2. Javascript works. It may not be the pinnacle of language design, but it is incredibly flexible. The perceived quality of the language rests a lot on the programmer, which is pretty unique.

    • There are some bad parts, but every language has those
    • The bad parts are very well documented and can be easily avoided
    • It's actually quite fun to write in. I can't say that for any OO language.
  3. Some people choose Javascript for the server, and Node.js's popularity highlights that. In fact, a lot of the Node.js community came from Ruby, which is considered a very fun language to write in.

Now for my points:

  • Fantastic community with incredible energy
  • Massive portability (includes code reuse)
  • Decent package manager

I find Javascript a fun language to write in. When I'm working in other languages, I often miss features that they done have, such as first-order functions, Array methods, stupid-simple closures, and prototypal inheritance (it's fun when you get to know it).

Javascript is not my favorite language, but it's definitely not the worst. I've since left the Node.js bandwagon, but I still keep it in my toolbox. It's a lot more interesting than languages like Java or C++.

  • 2
    "There are some bad parts, but every language has those." - the ratio per language differs though.
    – Den
    May 14, 2013 at 8:44
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    "It's actually quite fun to write in." -- maybe so. Not much fun to read or debug though.
    – funkybro
    May 14, 2013 at 10:20
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    @funkybro that's your opinion and yours only. I have no issue reading and debugging js code every day. Now, if you're talking about badly written code, then it can be told for any language. May 14, 2013 at 12:31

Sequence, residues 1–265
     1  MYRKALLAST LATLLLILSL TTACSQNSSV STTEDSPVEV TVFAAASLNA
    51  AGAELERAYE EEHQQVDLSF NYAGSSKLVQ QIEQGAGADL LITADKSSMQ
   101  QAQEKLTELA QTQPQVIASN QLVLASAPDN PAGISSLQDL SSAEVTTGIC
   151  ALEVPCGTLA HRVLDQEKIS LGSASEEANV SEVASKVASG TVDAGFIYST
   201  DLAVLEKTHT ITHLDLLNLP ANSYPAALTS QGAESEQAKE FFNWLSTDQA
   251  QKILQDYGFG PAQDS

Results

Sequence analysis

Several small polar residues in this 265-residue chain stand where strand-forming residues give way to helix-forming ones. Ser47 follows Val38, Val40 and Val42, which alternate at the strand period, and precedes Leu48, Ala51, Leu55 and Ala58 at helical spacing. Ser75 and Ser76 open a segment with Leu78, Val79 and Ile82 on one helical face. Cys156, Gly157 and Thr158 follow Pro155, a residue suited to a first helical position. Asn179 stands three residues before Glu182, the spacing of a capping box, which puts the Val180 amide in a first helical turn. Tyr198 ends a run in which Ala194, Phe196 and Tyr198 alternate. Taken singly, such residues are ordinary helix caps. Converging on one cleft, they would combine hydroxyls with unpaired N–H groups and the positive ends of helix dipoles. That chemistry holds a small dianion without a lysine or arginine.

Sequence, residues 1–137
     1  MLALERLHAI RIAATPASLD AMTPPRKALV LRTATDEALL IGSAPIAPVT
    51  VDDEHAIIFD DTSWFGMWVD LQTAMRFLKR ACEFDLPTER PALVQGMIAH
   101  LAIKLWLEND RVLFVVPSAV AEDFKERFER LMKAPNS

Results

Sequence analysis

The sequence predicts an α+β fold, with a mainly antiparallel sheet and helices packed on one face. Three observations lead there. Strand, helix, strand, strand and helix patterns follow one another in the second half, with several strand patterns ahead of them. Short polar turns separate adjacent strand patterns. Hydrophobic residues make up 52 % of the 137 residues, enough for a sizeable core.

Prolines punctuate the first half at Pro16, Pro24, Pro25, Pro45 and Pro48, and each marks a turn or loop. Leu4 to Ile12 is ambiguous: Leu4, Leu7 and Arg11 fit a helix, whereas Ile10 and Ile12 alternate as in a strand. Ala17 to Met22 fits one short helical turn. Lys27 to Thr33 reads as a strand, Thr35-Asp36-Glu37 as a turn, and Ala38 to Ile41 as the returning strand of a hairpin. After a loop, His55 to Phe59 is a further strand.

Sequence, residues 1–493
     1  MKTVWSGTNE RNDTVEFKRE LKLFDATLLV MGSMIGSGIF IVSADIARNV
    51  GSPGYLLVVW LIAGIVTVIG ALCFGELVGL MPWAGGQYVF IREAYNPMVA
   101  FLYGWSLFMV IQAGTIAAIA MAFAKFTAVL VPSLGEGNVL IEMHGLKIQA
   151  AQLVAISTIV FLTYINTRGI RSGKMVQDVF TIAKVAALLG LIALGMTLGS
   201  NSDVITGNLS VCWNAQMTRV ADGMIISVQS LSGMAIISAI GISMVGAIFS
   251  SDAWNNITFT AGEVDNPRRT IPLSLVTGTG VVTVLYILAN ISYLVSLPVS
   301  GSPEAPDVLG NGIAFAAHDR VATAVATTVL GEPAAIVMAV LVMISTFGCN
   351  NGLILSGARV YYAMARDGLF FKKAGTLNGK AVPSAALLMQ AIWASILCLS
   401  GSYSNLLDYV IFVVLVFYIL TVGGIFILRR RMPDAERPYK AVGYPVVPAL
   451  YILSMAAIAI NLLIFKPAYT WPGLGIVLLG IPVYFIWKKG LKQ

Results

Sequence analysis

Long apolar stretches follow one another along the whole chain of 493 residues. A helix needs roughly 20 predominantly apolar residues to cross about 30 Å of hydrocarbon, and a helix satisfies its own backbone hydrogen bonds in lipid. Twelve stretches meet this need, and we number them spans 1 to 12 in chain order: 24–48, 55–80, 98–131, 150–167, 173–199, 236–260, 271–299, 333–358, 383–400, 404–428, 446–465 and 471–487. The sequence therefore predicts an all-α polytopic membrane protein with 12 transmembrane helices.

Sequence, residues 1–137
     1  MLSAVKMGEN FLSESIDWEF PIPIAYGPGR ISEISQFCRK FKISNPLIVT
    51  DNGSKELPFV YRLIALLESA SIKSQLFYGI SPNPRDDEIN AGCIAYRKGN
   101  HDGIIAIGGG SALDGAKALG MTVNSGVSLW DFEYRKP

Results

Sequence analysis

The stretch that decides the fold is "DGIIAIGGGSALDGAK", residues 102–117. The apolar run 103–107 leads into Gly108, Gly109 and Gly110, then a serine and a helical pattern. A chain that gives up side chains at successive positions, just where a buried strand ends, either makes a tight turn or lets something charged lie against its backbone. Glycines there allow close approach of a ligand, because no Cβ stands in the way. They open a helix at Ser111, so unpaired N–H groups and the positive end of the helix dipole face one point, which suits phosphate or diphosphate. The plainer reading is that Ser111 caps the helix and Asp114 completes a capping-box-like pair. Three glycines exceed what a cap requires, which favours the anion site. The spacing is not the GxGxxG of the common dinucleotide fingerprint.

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    @FlorianMargaine "It's actually quite fun to write in" is his opinion! It's all just opinions.
    – funkybro
    May 14, 2013 at 12:49
  • @funkybro - Just going out on a limb and guessing you're my downvote. This question is highly subjective, so it's impossible to give an non-subjective answer. There are debugging tools (node-inspector being the most popular). It's inherently difficult to debug async programs, but that's not specific to JS, it's true of any concurrent language (Erlang, Go, threaded C/C++/Java, etc.). Care to elaborate?
    – beatgammit
    May 14, 2013 at 15:52

"You can now use one language on both the client side and the server side" doesn't require that said language be JavaScript. There are a number of other languages which can be compiled into JavaScript, avoiding some of its pitfalls. Some are designed specifically for the purpose (e.g. CoffeeScript), and others have a large pool of experienced programmers (e.g. Java).

On the one hand it might seem crazy to compile Java to JavaScript and run it with Node instead of compiling it to a war and using a J2EE application server. On the other hand, compiling whichever source language you use to JS for both the client and the server avoids issues which could potentially arise due to translation gotchas.